Because Henrico and Chesterfield counties can't afford to share in the costs, it makes sense to build a baseball stadium downtown, where it can jump-start or anchor new development.
That's the rationale behind the renewed push to put a ballpark in Shockoe Bottom: If the city's left holding the bag financially, why not build anew someplace besides on the Boulevard?
But the recent breakdown in regional talks regarding the ballpark has more to do with the city's recent renegade tendencies, sources tell Style Weekly — and an increasing unwillingness to communicate with its county partners.
"That lack of ability to communicate is fundamental and extremely damaging," says a local political consultant who talks regularly with officials in all three jurisdictions. "If you can't communicate, how are you ever going to get anything done?"
A series of recent events have had something of a domino effect. It started after the Richmond Metropolitan Authority negotiated a deal late last year to pay back the city $62 million in old loans relating to the construction of the Downtown Expressway. That led to a renewed effort in the General Assembly to give the counties equal say on the authority's board. The city appoints six of the 11 seats; Henrico and Chesterfield appoint two apiece.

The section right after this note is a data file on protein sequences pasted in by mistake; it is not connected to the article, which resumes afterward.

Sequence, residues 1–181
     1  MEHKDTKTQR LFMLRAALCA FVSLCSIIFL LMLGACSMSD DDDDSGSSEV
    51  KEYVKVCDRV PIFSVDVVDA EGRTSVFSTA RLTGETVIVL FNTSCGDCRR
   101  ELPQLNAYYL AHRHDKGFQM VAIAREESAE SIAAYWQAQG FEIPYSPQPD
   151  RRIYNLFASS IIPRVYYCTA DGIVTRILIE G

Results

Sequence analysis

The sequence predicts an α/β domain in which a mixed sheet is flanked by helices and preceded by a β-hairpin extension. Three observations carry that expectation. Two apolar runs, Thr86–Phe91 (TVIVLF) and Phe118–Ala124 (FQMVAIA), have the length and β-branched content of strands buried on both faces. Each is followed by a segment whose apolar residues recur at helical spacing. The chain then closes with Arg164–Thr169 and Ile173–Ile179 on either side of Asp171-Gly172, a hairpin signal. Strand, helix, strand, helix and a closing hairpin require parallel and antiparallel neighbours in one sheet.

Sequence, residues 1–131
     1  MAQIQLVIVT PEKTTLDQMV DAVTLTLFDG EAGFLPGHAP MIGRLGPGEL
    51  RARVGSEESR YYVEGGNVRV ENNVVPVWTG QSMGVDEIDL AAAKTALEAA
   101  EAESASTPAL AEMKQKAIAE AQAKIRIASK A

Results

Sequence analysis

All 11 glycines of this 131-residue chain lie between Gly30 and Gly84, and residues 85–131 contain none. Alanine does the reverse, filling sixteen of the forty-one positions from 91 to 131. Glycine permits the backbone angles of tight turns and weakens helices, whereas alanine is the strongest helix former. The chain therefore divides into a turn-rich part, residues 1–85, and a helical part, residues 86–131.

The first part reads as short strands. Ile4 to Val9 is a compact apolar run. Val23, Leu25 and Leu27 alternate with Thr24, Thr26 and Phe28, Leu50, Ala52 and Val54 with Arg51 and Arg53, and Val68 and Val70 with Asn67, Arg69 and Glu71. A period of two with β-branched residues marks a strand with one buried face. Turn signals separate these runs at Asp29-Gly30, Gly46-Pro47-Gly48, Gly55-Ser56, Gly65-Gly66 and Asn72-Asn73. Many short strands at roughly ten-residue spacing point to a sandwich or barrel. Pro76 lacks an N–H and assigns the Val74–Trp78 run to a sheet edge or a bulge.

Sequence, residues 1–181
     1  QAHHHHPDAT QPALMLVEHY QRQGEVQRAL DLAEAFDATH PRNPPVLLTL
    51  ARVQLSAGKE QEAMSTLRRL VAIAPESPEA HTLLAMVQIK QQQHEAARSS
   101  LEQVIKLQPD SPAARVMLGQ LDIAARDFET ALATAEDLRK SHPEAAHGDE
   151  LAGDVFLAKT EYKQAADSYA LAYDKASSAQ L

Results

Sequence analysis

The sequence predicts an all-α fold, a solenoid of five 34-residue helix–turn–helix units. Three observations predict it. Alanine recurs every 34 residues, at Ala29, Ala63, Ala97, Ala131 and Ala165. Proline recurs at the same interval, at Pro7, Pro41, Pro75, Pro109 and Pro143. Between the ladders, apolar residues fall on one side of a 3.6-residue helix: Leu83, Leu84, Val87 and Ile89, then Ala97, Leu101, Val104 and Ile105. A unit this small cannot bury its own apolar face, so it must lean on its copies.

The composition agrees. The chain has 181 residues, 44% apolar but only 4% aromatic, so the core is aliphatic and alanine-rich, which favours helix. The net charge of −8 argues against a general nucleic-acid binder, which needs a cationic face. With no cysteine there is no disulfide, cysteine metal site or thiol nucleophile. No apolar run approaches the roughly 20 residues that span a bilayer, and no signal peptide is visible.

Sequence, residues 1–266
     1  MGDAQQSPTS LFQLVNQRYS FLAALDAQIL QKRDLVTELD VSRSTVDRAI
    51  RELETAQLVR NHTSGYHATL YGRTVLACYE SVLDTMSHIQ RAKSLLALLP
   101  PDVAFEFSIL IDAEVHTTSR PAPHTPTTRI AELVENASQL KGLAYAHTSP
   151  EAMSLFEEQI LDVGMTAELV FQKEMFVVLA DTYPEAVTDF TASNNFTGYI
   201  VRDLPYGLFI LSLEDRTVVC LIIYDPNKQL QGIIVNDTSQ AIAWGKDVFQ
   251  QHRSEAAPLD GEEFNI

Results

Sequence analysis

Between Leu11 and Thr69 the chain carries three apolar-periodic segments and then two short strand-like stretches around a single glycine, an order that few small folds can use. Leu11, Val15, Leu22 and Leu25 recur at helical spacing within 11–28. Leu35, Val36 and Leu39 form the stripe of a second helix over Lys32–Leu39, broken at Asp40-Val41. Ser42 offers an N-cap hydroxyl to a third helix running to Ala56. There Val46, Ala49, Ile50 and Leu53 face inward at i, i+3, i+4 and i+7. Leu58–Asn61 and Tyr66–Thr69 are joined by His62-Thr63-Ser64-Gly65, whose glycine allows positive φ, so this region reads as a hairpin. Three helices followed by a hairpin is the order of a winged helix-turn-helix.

Delegate Manoli Loupassi, R-Richmond, tabled the legislation to give regional leaders a chance to work out some priorities. Then earlier this year, six Richmond members of the RMA board booted longtime chairman Jim Jenkins, from Henrico, appointing one of their own, Carlos Brown, as chairman. The move outraged Loupassi.
It didn't stop there. At a mid-July meeting of regional leaders, including Henrico Board of Supervisors Chairman Richard Glover and Mayor Dwight Jones, the city informally requested financial help staging the 2015 UCI Road World Championships. The international bike race is expected to cost $21 million. The talks went nowhere.
Then came the ballpark. Expected to cost upward of $50 million, Henrico and Chesterfield had quietly agreed to help participate in financing a new stadium on the Boulevard, each paying a quarter of the costs. Without warning, City Hall announces that it's exploring alternate sites, mainly in Shockoe Bottom.
The point: The city simply can't make a unilateral decision on a regional project and show up after the fact with its hand out. Chesterfield Board of Supervisors Chairman Daniel Gecker, for example, has been meeting regularly with the mayor, and has advocated for formal talks to begin setting regional priorities. But sources say he found out about the new ballpark push in the Bottom like everyone else — in the daily newspaper.
"On the one hand the mayor always talks about regional cooperation," City Councilman Bruce Tyler says, "but on the other hand he doesn't demonstrate it." For the region to move forward, he says, the mayor must begin practicing what he preaches.